Journey To Mecca - Behind The Scenes

  • “Everything was difficult…” Line Producer Daniel Ferguson

    Line Producer Daniel Ferguson began setting up the Saudi Arabia shoot of Mecca in October 2007 in Jeddah. The crewing of the film was a Herculean task because Ferguson had to find three local crews to shoot in Mecca, all had to be Muslim and all had to have knowledge of film. The total Muslim crew in Saudi Arabia numbered 85, all of whom had to be trained in less than a month before the Hajj began on December 17th.

    "Everything was difficult. We had to obtain permits to get permits, permits for meetings; sand bags, cars, things we take for granted in the West. They worked so hard. There was a force behind it. It was a shoot that was meant to happen."

  • “The most challenging film…”, Producer Jonathan Barker

    "It is certainly the most challenging film I've ever been involved in," explains Jonathan Barker who has worked on films where IMAX® cameras were put on a space shuttle and sent up to dock with the Mir Space Station. "But this one was extraordinarily difficult and complicated because, first of all, we had to have an all-Muslim crew and to date there have been very few Muslims with experience in the IMAX® medium. We were fortunate to find three really wonderful and talented Muslim Cinematographers who we flew to Los Angeles and trained.”

  • “What I didn’t expect…” Cinematographer Afshin Javadi

    "What I didn't expect were the challenges we faced working around millions of Hajj pilgrims, in many cases, making the most important journey of their lives, the pilgrimage to Islam's holiest site, the Ka'bah. Initially, the process seemed arduous and frustrating, until I looked beyond the chaos and discovered how the pilgrims flowed, not as many, but as one. Once my crew and I began going with "the flow," both figuratively and literally, we managed to capture the essence and the beauty of Hajj. I went as far as doing a steadicam shot of the holy Ka'bah, while circumambulating it with tens of thousands of pilgrims, a shot never done before. The footage was mesmerizing and monumental."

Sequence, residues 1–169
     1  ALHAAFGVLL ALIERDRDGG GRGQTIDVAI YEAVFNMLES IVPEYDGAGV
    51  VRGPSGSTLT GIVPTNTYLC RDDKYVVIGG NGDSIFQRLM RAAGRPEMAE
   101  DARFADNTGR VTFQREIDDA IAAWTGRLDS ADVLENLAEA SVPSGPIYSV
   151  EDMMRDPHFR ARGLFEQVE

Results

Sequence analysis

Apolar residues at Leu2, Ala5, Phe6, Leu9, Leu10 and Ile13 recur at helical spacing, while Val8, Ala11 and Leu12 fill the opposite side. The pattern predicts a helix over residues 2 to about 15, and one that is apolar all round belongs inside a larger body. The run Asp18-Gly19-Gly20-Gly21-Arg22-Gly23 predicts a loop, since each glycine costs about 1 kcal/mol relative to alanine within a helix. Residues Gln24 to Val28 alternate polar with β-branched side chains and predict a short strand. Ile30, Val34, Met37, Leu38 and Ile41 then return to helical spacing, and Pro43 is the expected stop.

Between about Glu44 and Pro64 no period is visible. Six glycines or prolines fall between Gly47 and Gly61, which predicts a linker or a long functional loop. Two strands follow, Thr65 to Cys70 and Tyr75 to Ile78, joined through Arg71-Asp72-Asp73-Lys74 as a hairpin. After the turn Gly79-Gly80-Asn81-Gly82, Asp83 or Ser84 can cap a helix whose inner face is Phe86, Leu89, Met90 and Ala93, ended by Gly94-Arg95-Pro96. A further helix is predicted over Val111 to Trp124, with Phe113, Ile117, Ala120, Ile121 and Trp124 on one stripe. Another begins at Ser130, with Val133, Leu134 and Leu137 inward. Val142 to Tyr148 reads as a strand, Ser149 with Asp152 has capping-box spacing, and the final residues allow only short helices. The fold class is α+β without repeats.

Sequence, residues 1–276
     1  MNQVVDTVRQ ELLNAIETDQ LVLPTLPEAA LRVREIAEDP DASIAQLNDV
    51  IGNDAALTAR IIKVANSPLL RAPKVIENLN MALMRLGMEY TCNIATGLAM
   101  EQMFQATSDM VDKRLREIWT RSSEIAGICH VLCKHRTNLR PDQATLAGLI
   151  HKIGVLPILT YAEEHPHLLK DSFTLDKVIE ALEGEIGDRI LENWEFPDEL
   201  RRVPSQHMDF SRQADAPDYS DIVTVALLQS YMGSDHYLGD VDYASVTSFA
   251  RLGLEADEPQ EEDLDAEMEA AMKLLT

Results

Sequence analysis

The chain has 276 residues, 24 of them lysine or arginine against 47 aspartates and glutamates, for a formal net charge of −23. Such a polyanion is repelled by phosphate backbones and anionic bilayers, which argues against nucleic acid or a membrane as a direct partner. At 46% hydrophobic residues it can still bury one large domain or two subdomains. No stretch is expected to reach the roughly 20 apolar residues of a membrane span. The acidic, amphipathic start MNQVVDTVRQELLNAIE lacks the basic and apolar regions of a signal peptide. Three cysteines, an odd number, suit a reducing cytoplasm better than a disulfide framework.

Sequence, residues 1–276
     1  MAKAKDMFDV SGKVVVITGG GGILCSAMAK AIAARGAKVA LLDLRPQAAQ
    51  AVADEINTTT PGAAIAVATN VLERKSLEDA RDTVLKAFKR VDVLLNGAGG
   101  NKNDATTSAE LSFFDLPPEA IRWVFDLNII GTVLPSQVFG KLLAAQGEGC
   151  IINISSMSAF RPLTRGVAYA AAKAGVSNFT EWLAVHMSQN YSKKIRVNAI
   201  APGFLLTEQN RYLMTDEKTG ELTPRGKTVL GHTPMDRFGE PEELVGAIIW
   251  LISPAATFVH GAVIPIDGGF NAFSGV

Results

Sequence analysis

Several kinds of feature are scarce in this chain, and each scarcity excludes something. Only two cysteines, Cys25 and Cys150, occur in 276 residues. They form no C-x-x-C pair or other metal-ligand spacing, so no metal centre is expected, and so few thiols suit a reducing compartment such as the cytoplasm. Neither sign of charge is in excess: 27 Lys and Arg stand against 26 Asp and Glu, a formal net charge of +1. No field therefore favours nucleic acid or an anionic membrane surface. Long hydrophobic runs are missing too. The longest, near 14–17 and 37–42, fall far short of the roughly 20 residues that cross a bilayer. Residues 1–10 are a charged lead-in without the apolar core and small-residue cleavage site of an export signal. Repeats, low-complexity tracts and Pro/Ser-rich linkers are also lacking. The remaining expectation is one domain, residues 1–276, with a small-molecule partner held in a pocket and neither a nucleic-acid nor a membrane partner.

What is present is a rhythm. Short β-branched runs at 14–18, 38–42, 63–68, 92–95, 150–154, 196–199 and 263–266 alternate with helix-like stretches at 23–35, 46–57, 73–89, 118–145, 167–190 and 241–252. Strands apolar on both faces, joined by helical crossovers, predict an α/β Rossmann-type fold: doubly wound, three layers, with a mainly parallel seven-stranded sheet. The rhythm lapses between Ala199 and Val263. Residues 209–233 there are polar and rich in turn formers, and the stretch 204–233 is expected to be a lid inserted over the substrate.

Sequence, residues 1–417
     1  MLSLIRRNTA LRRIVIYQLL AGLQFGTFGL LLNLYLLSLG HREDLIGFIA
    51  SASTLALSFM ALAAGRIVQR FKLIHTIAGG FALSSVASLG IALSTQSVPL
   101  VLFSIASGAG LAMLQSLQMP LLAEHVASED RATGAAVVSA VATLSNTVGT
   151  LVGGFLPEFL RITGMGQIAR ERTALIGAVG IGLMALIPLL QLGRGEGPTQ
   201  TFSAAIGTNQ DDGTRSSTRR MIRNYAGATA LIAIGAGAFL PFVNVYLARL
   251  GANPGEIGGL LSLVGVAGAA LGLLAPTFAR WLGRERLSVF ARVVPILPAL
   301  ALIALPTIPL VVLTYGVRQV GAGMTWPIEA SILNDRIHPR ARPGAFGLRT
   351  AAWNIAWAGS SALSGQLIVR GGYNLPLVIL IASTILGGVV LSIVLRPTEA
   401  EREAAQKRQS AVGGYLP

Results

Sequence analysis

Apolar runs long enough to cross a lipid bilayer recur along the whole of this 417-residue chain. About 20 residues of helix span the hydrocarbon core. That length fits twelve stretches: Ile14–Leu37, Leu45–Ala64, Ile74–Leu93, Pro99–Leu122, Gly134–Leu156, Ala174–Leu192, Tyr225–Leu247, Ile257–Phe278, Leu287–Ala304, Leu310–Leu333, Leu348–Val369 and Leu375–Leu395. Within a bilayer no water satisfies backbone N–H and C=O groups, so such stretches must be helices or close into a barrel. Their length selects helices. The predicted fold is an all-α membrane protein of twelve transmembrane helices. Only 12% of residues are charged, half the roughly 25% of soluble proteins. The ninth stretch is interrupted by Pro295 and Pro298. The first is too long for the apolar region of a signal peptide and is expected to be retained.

• “The desert opened its arms…” Cinematographer Rafey Mahmood

    "The desert opened its arms and welcomed us. I felt my unit members were like fellow travellers on a cosmic journey. We had come to witness, record and share an age long spiritual practice of great inner and outer movements and we were happy to be doing it on the wondrous IMAX®. The promise of sharing these great images on the biggest screen kept me inspired each day. One night waves of faithful pilgrims went around the holy Ka'bah in Tawaaf, as we tried to calculate a time lapse shot from one of the minarets. Can this event be a symbolic replica of some timeless pulsation of our reality? But one thing I knew for certain in crossing the Arabian Sea from Mumbai, I had covered an important part of my own journey as an Indian Muslim and as a Cinematographer. I welcome all to Journey to Mecca!"


  • “It was the first time ever…” Ghasem Ebrahimian, Cinematographer

    "It was the first time ever the Saudi Arabian authorities allowed any camera to be that close to the Ka'bah from the air. We almost touched the minarets when we shot the Tawaf (the circumambulation of the Ka'bah)," says one of the cinematographers, Ghasem Ebrahimian, who directed the pilot to fly counterclockwise to follow the Tawaf. "Seeing people from some 100 different countries all merge in one spot like a flowing river was quite an event. Some have saved their whole lives to get there. Altogether the helicopter made 20 flight paths over Mecca over five days, shooting a total of 60 minutes of film," says Ebrahimian. "As the IMAX® film magazine lasts for a little over two minutes, we had to come back to base and reload. We would change film while the helicopter was still running and then we would take off and do more shots.